- P. Dibaj, F. Nadrigny, H. Steffens et al., “NO mediates microglial response to acute spinal cord injury under ATP control in vivo,” Glia, vol. 58, no. 9, pp. 1133–1144, 2010.
- G. W. Kreutzberg, “Microglia: a sensor for pathological events in the CNS,” Trends in Neurosciences, vol. 19, no. 8, pp. 312–318, 1996.
- U.-K. Hanisch and H. Kettenmann, “Microglia: active sensor and versatile effector cells in the normal and pathologic brain,” Nature Neuroscience, vol. 10, no. 11, pp. 1387–1394, 2007.
- R. M. Ransohoff and V. H. Perry, “Microglial physiology: unique stimuli, specialized responses,” Annual Review of Immunology, vol. 27, pp. 119–145, 2009.
- K. Helmut, U.-K. Hanisch, M. Noda, and A. Verkhratsky, “Physiology of microglia,” Physiological Reviews, vol. 91, no. 2, pp. 461–553, 2011.
- A. Bessis, C. Béchade, D. Bernard, and A. Roumier, “Microglial control of neuronal death and synaptic properties,” Glia, vol. 55, no. 3, pp. 233–238, 2007.
- J. J. Neher, U. Neniskyte, and G. C. Brown, “Primary phagocytosis of neurons by inflamed microglia: potential roles in neurodegeneration,” Frontiers in Pharmacology, vol. 3, article 27, 2012.
- M. Prinz, J. Priller, S. S. Sisodia, and R. M. Ransohoff, “Heterogeneity of CNS myeloid cells and their roles in neurodegeneration,” Nature Neuroscience, vol. 14, no. 10, pp. 1227–1235, 2011.
- B. D. Trapp, J. R. Wujek, G. A. Criste et al., “Evidence for synaptic stripping by cortical microglia,” Glia, vol. 55, no. 4, pp. 360–368, 2007.
- K. Blinzinger and G. Kreutzberg, “Displacement of synaptic terminals from regenerating motoneurons by microglial cells,” Zeitschrift für Zellforschung und Mikroskopische Anatomie, vol. 85, no. 2, pp. 145–157, 1968.
- M.-È. Tremblay, “The role of microglia at synapses in the healthy CNS: novel insights from recent imaging studies,” Neuron Glia Biology, vol. 7, pp. 67–76, 2011.
- M.-È. Tremblay, B. Stevens, A. Sierra, H. Wake, A. Bessis, and A. Nimmerjahn, “The role of microglia in the healthy brain,” Journal of Neuroscience, vol. 31, no. 45, pp. 16064–16069, 2011.
- S. Hellwig, A. Heinrich, and K. Biber, “The brain's best friend: microglial neurotoxicity revisited,” Frontiers in Cellular Neuroscience, 2013.
- R. C. Paolicelli, G. Bolasco, F. Pagani et al., “Synaptic pruning by microglia is necessary for normal brain development,” Science, vol. 333, no. 6048, pp. 1456–1458, 2011.
- C. L. Cunningham, V. Martinez-Cerdeno, and S. C. Noctor, “Microglia regulate the number of neural precursor cells in the developing cerebral cortex,” Journal of Neuroscience, vol. 33, pp. 4216–4233, 2013.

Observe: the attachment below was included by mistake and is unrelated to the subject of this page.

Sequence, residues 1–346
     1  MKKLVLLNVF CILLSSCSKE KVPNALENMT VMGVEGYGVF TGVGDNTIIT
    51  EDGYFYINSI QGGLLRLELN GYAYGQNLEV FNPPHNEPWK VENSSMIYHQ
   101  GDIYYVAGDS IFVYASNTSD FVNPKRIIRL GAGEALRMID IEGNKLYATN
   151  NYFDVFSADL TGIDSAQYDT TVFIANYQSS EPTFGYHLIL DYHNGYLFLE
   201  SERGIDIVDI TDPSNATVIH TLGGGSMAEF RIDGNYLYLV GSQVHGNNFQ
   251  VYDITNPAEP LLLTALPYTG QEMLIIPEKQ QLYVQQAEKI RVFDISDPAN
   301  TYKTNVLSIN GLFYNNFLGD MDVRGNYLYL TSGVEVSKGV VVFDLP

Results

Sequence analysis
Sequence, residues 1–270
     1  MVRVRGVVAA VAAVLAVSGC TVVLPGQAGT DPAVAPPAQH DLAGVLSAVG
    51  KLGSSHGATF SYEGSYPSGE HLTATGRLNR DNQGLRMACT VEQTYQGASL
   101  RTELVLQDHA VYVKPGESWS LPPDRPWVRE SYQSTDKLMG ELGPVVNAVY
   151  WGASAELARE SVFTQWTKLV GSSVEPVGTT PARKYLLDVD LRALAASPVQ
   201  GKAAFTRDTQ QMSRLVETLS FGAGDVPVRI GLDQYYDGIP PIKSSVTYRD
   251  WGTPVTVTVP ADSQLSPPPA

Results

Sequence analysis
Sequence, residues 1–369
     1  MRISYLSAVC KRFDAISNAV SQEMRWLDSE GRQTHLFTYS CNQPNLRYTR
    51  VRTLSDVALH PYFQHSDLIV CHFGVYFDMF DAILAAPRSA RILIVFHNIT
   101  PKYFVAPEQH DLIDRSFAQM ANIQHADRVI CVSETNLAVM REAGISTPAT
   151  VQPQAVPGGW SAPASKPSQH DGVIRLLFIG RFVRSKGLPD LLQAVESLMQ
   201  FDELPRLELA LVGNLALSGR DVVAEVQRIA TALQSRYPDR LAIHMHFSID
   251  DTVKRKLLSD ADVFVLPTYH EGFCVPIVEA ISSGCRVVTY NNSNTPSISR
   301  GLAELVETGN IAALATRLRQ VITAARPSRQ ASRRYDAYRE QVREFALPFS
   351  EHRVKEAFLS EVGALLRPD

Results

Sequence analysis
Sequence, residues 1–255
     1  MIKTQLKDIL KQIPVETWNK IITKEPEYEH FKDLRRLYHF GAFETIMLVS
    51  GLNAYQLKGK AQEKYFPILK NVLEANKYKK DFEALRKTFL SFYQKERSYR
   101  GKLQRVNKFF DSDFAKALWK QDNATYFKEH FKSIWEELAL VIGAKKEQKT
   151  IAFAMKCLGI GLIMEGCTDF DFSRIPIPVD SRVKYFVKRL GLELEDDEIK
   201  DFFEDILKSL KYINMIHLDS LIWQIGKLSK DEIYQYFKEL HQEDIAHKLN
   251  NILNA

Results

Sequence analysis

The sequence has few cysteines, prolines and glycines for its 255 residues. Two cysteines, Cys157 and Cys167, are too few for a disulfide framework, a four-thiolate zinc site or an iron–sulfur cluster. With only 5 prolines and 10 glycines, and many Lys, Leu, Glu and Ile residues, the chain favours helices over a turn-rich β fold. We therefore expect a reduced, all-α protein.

- M. Hoshiko, I. Arnoux, E. Avignone, N. Yamamoto, and E. Audinat, “Deficiency of the microglial receptor CX3CR1 impairs postnatal functional development of thalamocortical synapses in the barrel cortex,” Journal of Neuroscience, vol. 32, pp. 15106–15111, 2012.
- O. Pascual, S. B. Achour, P. Rostaing, A. Triller, and A. Bessis, “Microglia activation triggers astrocyte-mediated modulation of excitatory neurotransmission,” Proceedings of the National Academy of Sciences of the United States of America, vol. 109, no. 4, pp. E197–E205, 2012.
- Y. Li, X. F. Du, C. S. Liu, Z. L. Wen, and J. L. Du, “Reciprocal regulation between resting microglial dynamics and neuronal activity in vivo,” Developmental Cell, vol. 23, no. 6, pp. 1189–1202, 2012.
- A. Sierra, J. M. Encinas, J. J. P. Deudero et al., “Microglia shape adult hippocampal neurogenesis through apoptosis-coupled phagocytosis,” Cell Stem Cell, vol. 7, no. 4, pp. 483–495, 2010.
- C. Bechade, Y. Cantaut-Belarif, and A. Bessis, “Microglial control of neuronal activity,” Frontiers in Cellular Neuroscience, vol. 7, article 32, 2013.
- D. P. Schafer, E. K. Lehrman, A. G. Kautzman, et al., “Microglia sculpt postnatal neural circuits in an activity and complement-dependent manner,” Neuron, vol. 74, no. 4, pp. 691–705, 2012.
- H. Wake, A. J. Moorhouse, S. Jinno, S. Kohsaka, and J. Nabekura, “Resting microglia directly monitor the functional state of synapses in vivo and determine the fate of ischemic terminals,” Journal of Neuroscience, vol. 29, no. 13, pp. 3974–3980, 2009.
- M.-È. Tremblay, R. L. Lowery, and A. K. Majewska, “Microglial interactions with synapses are modulated by visual experience,” PLoS Biology, vol. 8, no. 11, Article ID e1000527, 2010.
- M.-È. Tremblay, M. L. Zettel, J. R. Ison, P. D. Allen, and A. K. Majewska, “Effects of aging and sensory loss on glial cells in mouse visual and auditory cortices,” Glia, vol. 60, no. 4, pp. 541–558, 2012.